Netdata Team

Netdata Team

August 10, 2020

Netdata Agent v1.24: Prometheus/OpenMetrics collector and multi-host database mode

Continuing Innovations in Real-Time Monitoring

The v1.24.0 release of the Netdata Agent brings enhancements to the breadth of metrics we collect with a new Prometheus/OpenMetrics collector and enhanced storage and querying with a new multi-host database mode. Let’s take a look at each of these enhancements.

Instantly access thousands of metrics with the new Prometheus/OpenMetrics collector

This release broadens our commitment to open standards, interoperability, and extensibility with a new generic Prometheus collector that works seamlessly with any application that makes its metrics available in the Prometheus/OpenMetrics exposition format, including support for Windows 10 via windows_exporter. Netdata will autodetect over 600 Prometheus endpoints and instantly generate charts with all the exposed metrics, meaningfully visualized.

You can also quickly and easily configure the collector with the names and URLs of additional Prometheus endpoints to instantly view automatically generated charts with all the exposed metrics, meaningfully visualized within Netdata at the same high-granularity, per-second frequency you expect, all in real time. To learn more about how to configure, check out our documentation.

What is the Prometheus exposition format?

The Prometheus exposition format is a simple, text-based standard for exposing metrics from third-party software. Netdata now has a turnkey collector for any metrics that are exposed using this format.

What is OpenMetrics?

OpenMetrics is a project aimed at evolving the Prometheus exposition format into a universal standard for transmitting metrics at scale, with support for both text representation and Protocol Buffers. It is a CNCF Sandbox Project with a home on GitHub.

Why does it matter for Netdata?

Netdata is designed to be the best tool possible for collecting every single metric available from any system or application, then presenting those metrics in a way that makes them understandable and actionable. Part of that intention means that Netdata must definitionally be open, interoperable, and extensible so that it can work with the entirety of modern infrastructure.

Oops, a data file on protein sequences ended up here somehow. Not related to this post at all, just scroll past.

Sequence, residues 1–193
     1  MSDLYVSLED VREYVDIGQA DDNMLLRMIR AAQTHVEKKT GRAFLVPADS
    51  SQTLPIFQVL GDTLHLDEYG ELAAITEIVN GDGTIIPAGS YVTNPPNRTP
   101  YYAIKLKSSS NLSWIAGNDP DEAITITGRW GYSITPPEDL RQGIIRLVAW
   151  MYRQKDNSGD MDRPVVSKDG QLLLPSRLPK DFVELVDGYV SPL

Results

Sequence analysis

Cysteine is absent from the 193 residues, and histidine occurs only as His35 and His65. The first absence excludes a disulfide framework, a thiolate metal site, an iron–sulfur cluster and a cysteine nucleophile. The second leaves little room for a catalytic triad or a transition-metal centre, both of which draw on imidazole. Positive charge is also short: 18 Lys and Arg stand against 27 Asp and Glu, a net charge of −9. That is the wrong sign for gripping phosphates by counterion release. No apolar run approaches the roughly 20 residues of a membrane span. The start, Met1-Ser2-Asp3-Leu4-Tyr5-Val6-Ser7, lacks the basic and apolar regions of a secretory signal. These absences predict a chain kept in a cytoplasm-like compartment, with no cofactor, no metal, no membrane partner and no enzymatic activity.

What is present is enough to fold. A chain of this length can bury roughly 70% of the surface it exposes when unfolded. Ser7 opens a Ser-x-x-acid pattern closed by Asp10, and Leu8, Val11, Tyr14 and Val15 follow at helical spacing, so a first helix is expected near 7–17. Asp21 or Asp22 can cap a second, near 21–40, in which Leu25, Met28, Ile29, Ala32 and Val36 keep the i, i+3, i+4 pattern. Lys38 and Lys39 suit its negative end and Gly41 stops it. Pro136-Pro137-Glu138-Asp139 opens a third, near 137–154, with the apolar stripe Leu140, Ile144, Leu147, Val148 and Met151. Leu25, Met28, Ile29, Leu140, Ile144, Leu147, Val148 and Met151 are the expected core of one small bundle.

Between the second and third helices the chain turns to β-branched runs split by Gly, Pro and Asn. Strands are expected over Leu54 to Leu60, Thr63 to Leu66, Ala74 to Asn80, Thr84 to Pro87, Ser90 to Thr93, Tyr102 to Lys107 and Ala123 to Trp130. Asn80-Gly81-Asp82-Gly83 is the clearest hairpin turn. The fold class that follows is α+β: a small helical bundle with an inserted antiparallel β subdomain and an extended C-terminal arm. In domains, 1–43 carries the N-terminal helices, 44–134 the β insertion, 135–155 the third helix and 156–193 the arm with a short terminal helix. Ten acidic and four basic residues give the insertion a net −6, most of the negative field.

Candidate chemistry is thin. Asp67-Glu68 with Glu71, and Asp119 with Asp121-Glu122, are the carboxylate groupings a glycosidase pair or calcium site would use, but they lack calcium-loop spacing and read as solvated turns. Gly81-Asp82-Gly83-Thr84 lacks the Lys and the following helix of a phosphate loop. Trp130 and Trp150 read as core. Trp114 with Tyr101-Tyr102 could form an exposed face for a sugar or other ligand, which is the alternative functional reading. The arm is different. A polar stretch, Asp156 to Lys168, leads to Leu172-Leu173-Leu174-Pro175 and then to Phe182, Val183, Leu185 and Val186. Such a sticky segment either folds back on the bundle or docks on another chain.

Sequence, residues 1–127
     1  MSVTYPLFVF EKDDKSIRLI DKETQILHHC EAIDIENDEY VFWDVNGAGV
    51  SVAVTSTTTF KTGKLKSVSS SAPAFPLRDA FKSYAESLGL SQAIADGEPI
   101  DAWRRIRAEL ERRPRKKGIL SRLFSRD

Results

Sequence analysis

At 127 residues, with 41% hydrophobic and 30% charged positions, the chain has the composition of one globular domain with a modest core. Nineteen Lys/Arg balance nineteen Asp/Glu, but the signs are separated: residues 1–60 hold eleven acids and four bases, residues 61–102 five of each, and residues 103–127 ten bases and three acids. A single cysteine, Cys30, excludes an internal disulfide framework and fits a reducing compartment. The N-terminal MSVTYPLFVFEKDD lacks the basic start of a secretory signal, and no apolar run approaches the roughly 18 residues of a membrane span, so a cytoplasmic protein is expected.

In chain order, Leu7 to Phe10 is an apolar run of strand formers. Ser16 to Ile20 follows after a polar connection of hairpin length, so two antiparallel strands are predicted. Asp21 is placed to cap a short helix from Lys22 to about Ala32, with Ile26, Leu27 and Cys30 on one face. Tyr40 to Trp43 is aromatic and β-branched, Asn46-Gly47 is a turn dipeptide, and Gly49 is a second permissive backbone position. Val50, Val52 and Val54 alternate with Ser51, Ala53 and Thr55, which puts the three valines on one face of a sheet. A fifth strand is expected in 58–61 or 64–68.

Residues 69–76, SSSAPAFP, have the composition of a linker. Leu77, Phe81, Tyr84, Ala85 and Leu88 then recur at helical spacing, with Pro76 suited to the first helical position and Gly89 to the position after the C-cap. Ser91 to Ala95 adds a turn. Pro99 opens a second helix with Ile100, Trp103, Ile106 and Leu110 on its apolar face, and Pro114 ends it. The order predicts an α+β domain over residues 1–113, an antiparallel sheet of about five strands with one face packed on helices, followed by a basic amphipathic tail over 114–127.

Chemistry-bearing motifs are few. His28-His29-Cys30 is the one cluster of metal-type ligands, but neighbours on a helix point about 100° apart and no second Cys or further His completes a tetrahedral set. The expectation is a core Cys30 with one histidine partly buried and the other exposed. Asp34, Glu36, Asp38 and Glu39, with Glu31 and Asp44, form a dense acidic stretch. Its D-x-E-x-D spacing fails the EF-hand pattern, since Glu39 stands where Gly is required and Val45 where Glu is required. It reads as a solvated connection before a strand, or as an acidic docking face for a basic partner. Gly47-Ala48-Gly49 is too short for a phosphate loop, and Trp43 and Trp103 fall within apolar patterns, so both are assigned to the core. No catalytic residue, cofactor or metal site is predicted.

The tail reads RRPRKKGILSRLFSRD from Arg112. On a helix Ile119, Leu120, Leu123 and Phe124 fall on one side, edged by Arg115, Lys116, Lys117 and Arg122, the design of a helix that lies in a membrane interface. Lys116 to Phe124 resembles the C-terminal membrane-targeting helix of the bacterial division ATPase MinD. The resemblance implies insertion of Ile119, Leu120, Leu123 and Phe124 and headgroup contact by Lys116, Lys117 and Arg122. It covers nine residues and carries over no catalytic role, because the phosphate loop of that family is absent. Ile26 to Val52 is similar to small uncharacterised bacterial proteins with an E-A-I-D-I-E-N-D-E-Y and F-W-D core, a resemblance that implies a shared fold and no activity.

This new enhancement is exciting because it radically extends the number of metrics available to Netdata out of the box, but also because enables Netdata to support an evolving standard that will allow us to continue to fit into any technology stack possible, now and in the future, with no limitations on the number, kind, or frequency of metrics collected.

Limitations and future direction

This first attempt at visualizing Prometheus metrics with zero configuration has a few limitations that we are aware of.

Metrics with the same name and many different label key-value pairs can potentially have a very high cardinality, namely too many time series to visualize in a single chart. We debated automatically splitting such time series into multiple charts based on the cardinality of the detected label key-value pairs, but we decided that using the wrong labels to organize information is worse than not choosing any labels at all. So we opted to release this first version with a temporary solution that will split the time series arbitrarily and are working on providing configuration options to allow users to define meaningful grouping options. For example, for Prometheus metric X, group the time series into charts based on labels Y and Z.